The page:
Before the One Door Centre opened in 2013, Wade McCann’s COPD meant multiple appointments, travelling to different locations to see different specialists.
COPD or chronic obstructive pulmonary disease is an umbrella term for a number of progressive lung diseases, in Wade’s case emphysema and asthma, which is characterized by breathlessness and difficulty breathing.
Now his chronic illness is being managed more efficiently.
Nova Scotia Health Authority’s One Door Centre in Pictou County was set up as a patient-centred, collaborative practice for people living with a chronic disease. It means that all of the services and health care professionals involved in the care of some chronic conditions are under one roof and working as a team. This includes a nurse practitioner, chronic disease management nurses, dietitians, social workers, respiratory therapists, and physiotherapist, among others.
McCann said he feels the clinic has made a remarkable difference in helping him manage his condition and live a normal life.
“I have access to a care team – I can call and talk to someone whenever I have an issue. I have an action plan that was put in place jointly with my team. I know how to use my puffers properly, which is critical. I know my triggers – the things that can cause a flare-up. And I have a pharmacist that is a part of my team, which makes a heck of a difference.”
In addition to McCann’s COPD, he had a major heart attack in 2015, which required triple bypass surgery.
“Being told you have a widow maker’s heart kind of makes you start to take your health seriously.”
His heart disease is also treated at the One Door Centre, where he took a 12-week cardiac rehabilitation course, which he credits with getting him on track for living with one more chronic illness.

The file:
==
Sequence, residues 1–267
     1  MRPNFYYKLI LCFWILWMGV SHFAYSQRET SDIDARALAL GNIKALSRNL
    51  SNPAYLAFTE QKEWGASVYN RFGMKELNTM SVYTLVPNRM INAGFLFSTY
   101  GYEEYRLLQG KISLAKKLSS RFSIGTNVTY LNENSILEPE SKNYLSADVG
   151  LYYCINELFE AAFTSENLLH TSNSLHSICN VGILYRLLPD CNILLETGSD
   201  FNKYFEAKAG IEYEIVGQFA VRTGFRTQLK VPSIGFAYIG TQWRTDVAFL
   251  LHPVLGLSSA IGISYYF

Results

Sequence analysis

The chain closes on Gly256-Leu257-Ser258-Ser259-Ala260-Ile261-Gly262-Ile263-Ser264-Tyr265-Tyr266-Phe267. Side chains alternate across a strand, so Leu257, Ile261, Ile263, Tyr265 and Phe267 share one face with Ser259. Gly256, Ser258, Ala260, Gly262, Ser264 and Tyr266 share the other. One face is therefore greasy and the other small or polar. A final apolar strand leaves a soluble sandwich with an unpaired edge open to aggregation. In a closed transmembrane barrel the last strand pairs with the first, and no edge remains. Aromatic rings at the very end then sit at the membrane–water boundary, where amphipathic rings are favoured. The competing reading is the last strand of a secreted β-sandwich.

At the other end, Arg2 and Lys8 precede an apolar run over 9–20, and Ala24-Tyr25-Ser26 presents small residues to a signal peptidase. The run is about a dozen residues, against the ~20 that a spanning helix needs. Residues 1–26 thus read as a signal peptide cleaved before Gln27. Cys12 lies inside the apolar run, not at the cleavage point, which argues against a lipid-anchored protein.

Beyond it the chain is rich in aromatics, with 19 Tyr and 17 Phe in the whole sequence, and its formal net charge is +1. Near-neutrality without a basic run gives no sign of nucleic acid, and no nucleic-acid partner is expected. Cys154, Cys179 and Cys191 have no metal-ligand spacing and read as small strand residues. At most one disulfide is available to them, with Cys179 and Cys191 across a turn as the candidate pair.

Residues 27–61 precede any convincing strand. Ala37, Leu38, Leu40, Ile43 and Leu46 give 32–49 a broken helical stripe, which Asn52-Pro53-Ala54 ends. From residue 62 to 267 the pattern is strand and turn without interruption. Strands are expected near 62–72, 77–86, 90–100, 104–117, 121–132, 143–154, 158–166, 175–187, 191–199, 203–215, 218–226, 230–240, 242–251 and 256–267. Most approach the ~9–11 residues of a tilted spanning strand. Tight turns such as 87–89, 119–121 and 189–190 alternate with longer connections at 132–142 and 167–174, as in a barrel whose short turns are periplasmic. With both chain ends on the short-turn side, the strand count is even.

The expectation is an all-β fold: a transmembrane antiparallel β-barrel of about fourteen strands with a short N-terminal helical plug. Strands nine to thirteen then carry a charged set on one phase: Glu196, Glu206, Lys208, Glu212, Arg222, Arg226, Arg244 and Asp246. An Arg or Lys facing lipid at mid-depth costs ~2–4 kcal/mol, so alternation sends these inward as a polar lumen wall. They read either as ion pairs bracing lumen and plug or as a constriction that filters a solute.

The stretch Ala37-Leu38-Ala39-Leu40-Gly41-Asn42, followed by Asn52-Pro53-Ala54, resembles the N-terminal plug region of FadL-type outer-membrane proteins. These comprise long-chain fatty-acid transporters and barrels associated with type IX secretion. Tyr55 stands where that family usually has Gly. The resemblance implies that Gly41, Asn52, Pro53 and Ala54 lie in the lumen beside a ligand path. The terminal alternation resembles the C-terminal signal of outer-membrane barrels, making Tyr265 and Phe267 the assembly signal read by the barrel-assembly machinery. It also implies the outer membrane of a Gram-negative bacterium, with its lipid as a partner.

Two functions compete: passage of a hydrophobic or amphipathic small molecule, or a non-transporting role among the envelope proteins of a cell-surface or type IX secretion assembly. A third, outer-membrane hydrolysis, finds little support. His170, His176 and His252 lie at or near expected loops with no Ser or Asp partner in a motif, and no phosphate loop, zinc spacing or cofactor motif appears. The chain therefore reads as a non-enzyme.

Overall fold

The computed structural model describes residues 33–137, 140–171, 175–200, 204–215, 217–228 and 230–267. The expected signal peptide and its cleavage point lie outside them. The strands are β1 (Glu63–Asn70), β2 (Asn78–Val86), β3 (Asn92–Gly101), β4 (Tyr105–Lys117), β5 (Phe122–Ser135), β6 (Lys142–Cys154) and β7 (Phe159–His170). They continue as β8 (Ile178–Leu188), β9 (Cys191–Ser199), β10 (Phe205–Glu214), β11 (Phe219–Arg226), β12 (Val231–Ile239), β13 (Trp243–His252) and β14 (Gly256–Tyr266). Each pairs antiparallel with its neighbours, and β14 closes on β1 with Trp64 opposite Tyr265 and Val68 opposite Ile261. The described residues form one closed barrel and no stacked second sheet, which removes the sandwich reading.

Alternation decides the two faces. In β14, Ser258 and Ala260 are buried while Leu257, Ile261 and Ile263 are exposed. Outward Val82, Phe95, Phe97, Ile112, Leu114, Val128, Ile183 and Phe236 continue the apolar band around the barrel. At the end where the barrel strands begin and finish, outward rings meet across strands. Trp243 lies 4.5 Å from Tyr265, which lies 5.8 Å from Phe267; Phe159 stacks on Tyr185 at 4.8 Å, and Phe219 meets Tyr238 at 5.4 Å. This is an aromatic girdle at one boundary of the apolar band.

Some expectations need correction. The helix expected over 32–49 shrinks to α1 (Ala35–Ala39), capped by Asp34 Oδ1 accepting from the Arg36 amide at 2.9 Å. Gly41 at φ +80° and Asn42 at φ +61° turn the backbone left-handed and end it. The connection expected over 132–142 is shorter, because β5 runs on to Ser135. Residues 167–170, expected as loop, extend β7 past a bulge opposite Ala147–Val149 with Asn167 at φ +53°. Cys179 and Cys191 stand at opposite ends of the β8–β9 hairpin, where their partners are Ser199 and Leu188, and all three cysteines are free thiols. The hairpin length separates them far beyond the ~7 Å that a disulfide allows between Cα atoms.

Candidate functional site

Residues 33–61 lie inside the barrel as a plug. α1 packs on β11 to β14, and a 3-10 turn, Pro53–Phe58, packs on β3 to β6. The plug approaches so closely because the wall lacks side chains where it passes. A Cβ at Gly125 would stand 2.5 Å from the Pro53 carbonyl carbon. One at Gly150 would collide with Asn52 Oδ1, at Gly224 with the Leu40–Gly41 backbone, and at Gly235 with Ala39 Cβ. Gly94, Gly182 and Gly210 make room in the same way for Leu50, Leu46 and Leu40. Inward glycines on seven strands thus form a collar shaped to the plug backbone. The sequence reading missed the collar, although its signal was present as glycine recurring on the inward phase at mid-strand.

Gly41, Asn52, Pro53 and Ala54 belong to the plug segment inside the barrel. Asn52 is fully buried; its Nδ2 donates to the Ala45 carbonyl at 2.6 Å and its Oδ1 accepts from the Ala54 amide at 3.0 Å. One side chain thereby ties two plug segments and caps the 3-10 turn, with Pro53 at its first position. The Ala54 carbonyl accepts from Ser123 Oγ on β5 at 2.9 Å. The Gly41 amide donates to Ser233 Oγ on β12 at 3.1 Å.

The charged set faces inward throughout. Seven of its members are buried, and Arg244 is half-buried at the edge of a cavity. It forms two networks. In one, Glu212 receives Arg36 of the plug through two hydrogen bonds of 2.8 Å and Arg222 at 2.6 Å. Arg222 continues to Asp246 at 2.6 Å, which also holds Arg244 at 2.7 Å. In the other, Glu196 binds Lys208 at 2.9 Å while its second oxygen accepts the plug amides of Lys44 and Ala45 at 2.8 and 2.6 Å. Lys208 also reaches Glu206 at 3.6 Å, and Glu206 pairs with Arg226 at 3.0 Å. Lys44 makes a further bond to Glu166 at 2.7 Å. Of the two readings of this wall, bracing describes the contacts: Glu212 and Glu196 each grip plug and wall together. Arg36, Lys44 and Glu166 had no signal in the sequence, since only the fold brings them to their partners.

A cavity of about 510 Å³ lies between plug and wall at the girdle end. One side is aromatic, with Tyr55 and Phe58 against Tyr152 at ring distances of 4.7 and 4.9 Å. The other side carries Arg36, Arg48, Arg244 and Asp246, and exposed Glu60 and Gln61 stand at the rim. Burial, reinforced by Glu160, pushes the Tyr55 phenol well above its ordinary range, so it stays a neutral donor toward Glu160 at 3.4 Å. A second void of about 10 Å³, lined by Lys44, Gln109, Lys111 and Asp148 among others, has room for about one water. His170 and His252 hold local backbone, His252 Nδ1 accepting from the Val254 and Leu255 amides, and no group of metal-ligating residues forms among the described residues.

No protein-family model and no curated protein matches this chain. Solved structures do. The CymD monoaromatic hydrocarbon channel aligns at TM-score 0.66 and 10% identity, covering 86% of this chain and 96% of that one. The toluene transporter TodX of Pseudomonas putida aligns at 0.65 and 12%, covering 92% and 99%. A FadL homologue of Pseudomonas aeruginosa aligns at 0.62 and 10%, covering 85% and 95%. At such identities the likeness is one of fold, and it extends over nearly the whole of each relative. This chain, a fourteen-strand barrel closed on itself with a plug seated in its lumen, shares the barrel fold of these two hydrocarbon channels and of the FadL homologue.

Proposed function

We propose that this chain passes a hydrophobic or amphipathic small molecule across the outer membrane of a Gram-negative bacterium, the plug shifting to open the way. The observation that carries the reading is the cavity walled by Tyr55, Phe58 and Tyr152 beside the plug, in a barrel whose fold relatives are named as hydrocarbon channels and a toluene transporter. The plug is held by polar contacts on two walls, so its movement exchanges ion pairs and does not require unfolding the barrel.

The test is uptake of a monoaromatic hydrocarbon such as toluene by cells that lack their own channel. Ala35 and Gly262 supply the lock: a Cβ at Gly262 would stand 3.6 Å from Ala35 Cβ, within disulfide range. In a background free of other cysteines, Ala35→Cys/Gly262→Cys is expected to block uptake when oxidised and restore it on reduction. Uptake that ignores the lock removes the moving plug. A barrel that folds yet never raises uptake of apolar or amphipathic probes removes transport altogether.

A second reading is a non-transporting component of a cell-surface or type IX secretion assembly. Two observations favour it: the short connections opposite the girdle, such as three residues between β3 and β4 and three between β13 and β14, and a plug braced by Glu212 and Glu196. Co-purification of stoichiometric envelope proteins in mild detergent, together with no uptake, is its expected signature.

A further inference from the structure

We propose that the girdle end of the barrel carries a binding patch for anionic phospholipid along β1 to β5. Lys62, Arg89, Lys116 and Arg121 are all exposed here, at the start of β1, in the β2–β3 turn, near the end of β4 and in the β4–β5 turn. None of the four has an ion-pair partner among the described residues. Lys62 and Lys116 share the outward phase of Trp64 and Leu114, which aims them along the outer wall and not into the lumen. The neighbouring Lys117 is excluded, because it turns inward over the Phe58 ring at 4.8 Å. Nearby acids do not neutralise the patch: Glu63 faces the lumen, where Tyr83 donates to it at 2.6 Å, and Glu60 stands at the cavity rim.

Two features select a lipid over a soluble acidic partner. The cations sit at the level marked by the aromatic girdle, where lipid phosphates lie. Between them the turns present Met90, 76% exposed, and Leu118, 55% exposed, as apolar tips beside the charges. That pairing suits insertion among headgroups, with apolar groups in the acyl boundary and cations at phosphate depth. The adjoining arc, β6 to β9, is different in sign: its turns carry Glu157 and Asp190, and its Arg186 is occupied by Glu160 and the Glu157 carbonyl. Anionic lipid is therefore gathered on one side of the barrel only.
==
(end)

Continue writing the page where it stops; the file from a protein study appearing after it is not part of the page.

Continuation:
“They were very informative. They gave my wife and I the confidence that I could improve my heart condition and get on a pathway to living a better, healthier life. And they were right. My heart is stronger now. The functioning has improved from 25 per cent to 40 per cent.”
And although normal heart function for someone McCann’s age is 70 per cent, he says his condition is very manageable and he is coping well and staying active.
If McCann has one message for others, it’s to act.
“I wasn’t taking care of myself the way I should have. I totally took my health for granted. But not anymore. I give thanks to the medical system that I’m here today. One Door has given me the information and tools I need so that I can better manage and live with my chronic illness. I am living proof of what you can accomplish when you commit to sticking with your care plan and taking advantage of all the programs and services that are available here.”
As part of its mandate to enhance health care in Pictou County, the Aberdeen Health Foundation has supported the Nova Scotia Health Authority’s One Door Centre by providing funding for some of the needed equipment, such as blood pressure machines, scales, and a blood glucose monitoring system, as well as supporting the certification of the Centre’s diabetes educator.
“Hearing stories like Wade’s just underscores the important support role the Foundation plays,” says Susan Malcolm, executive director. “As the first of its kind in Nova Scotia, the One Door Centre represents an important innovation in patient care. An advance the Aberdeen Health Foundation is proud to support.”
For more information, visit aberdeenhealthfoundation.ca/OneDoor.